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Old 02-16-2020, 07:51 AM
 
9,786 posts, read 6,594,781 times
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What are your predictions about Greater Cleveland for 2030?

What will the population be for Cleveland (now 385,000 est.), the Greater Cleveland MSA (2018 2,057,000 est.), the Greater Cleveland CSA (2018 est. 3,483,000 est.)? Will a Great Climate Change Migration be under way by 2030 with Greater Cleveland experiencing net inward migration?

https://www.cleveland.com/datacentra...elands_po.html

https://factfinder.census.gov/faces/...html?src=bkmk#

https://factfinder.census.gov/faces/...html?src=bkmk#


What will be the condition of downtown and University Circle?

What level of relative prosperity will Greater Cleveland have in 2030 relative to the rest of the nation?

What will be the major issues in 2030 in Greater Cleveland? What issues will be specific to Greater Cleveland versus the nation?

How will climate change have impacted the Greater Cleveland environment, if at all?

What will be the most surprising developments during the 2020s?

Anything else?

Game on, with the winner announced a decade from now!

Tips:

See number 10 here!

https://nymag.com/intelligencer/2019...the-2020s.html

https://www.usatoday.com/story/news/...ng/2594825001/

https://www.forbes.com/sites/stevefo.../#2bd8796f9730

https://www.theatlantic.com/ideas/ar...-2020s/605902/

https://www.nytimes.com/interactive/...edictions.html

https://www.scientificamerican.com/a...will-top-them/

The singularity, exascale computers, block chain

https://www.futuretimeline.net/21stc.../2020-2029.htm

Last edited by WRnative; 02-16-2020 at 08:29 AM..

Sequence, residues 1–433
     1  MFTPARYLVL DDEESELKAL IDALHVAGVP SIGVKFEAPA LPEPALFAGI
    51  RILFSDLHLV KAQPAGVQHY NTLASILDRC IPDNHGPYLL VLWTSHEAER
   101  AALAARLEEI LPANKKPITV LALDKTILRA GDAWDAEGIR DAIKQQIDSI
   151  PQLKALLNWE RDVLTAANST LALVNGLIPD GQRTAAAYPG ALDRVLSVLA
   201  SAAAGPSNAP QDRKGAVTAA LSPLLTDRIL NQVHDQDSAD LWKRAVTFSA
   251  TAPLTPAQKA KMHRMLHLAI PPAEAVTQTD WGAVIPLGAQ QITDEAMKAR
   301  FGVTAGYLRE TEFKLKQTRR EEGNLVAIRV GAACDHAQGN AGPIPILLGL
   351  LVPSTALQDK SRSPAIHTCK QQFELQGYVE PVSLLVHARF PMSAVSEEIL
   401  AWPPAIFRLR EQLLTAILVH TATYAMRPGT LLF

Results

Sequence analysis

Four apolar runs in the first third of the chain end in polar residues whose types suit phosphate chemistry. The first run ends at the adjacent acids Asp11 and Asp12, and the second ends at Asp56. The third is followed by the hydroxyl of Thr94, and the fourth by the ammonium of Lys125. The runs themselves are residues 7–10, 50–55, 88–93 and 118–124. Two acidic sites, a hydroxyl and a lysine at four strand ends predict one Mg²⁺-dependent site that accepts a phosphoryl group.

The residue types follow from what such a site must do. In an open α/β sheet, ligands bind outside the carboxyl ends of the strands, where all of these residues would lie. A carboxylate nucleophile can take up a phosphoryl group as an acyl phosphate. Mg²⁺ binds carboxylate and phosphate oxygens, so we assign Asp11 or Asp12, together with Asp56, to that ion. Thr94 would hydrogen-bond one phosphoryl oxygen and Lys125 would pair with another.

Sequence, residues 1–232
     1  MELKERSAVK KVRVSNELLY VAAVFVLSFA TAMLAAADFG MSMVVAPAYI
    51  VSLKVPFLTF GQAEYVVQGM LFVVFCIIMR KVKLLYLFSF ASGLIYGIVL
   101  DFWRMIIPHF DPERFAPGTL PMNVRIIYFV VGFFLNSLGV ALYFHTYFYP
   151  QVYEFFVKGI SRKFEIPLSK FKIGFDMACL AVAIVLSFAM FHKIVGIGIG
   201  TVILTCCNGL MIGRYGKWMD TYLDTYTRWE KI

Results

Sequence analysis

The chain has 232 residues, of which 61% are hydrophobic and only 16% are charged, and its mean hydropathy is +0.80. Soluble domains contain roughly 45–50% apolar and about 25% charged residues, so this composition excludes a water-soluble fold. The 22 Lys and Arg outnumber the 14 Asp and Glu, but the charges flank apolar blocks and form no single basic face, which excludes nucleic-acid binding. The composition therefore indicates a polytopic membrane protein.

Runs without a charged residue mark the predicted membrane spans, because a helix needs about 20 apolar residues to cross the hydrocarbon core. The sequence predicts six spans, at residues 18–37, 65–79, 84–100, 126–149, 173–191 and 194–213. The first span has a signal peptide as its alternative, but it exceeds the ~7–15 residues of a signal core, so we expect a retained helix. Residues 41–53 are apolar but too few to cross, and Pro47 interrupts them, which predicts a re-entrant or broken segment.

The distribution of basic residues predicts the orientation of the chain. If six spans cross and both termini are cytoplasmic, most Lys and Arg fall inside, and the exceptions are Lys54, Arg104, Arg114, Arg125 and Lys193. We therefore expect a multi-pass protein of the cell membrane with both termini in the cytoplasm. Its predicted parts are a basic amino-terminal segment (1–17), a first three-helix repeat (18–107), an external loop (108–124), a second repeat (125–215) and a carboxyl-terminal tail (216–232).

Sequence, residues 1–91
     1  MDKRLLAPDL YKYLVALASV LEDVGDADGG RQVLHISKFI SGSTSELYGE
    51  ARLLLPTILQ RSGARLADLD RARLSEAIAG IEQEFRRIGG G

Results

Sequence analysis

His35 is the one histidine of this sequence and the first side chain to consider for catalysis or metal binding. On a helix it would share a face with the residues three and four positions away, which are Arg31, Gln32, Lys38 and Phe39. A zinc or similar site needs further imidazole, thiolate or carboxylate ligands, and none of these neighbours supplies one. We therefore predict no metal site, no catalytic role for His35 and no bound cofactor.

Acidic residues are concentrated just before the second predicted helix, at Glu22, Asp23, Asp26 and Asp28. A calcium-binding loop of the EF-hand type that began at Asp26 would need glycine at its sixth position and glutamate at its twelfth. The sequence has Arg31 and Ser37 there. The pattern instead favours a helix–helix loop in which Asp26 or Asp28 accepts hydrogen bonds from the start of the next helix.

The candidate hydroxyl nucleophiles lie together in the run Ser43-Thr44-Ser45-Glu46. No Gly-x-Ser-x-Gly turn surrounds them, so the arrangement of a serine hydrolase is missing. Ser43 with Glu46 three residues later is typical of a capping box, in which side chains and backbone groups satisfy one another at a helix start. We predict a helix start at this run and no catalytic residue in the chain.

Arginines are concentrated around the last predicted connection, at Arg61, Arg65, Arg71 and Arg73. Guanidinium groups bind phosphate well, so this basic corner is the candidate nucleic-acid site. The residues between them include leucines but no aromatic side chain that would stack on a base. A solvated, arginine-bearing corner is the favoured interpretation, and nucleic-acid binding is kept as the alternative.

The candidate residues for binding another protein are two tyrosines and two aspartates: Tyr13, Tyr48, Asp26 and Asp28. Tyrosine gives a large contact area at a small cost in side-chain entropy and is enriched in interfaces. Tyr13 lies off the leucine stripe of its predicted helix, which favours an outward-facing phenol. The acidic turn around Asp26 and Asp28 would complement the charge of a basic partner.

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Old 02-16-2020, 05:21 PM
 
Location: Cleveland
922 posts, read 536,855 times
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My take on a few of these:

Will a Great Climate Change Migration be under way by 2030 with Greater Cleveland experiencing net inward migration? Nothing significant if at all. I don't think people will be moving hundreds of miles to avoid this. At most they will be moving a few miles, if they have to at all. Ten years out is just too short of a time frame for this to have a big impact.

What will be the condition of downtown and University Circle? It will continue to get better, maintaining the trend of the last 2 decades. I will go far out on a limb and say downtown will have 30k residents by 2030. This will require an increase in the rate of downtown population. I predict 3 more towers similar to Lumen/Beacon in the next 10 years. This along with continued residential building near the lakefront. University Circle will continue to expand, particularly CCF into Hough. The healthline will continue to be a great public transportation artery between downtown and UC.

What level of relative prosperity will Greater Cleveland have in 2030 relative to the rest of the nation? About the same as it is now, which is not the worst nor best. Cleveland population will be at 375,000 but with improved demographics - a little. The inner ring suburbs, particularly to the southeast, will continue to decline (Garfield, Maple, Bedford, Warrensville, etc.)

What will be the major issues in 2030 in Greater Cleveland? Crime in the eastside neighborhoods and the southeast suburbs I mentioned above. Educational attainment for children, particularly in Cleveland and SE suburbs mentioned.

What will be the most surprising developments during the 2020s? The RTA will close the Waterfront line. Burke Airport will close but not be developed until the next decade. There will be less than 5 days out of the year that Cleveland beaches will close due to poor water conditions. (assumes we deal with algae problem, sewer district on track to accomplish this otherwise.) The metroparks will have 27,000+ acres under management. The redline greenway will cross the Cuyahoga. Crime in Ohio City and Tremont decreases while crime in eastside neighborhoods is still a big problem.

Well, that's a decent amount of optimism with a little reality thrown in.
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Old 02-16-2020, 06:29 PM
 
3,640 posts, read 3,628,047 times